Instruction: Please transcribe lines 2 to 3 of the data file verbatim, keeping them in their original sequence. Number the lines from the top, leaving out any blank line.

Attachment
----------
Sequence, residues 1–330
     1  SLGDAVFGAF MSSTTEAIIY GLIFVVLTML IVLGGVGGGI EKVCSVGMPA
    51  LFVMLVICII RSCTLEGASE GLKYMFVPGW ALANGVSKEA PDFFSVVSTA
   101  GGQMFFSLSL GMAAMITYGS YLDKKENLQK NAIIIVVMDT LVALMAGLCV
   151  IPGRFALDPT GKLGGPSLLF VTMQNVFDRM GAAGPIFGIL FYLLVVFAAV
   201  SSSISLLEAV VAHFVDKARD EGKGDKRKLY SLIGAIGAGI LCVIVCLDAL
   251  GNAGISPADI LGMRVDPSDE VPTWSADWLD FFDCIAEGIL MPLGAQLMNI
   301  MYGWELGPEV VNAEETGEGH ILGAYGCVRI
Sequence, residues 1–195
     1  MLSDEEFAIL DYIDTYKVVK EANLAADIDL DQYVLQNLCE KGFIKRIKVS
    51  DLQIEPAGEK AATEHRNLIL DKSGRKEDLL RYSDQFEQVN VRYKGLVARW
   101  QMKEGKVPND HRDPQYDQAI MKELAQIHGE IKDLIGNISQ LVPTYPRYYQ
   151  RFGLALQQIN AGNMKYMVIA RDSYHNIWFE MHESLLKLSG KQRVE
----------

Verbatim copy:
     1  SLGDAVFGAF MSSTTEAIIY GLIFVVLTML IVLGGVGGGI EKVCSVGMPA
    51  LFVMLVICII RSCTLEGASE GLKYMFVPGW ALANGVSKEA PDFFSVVSTA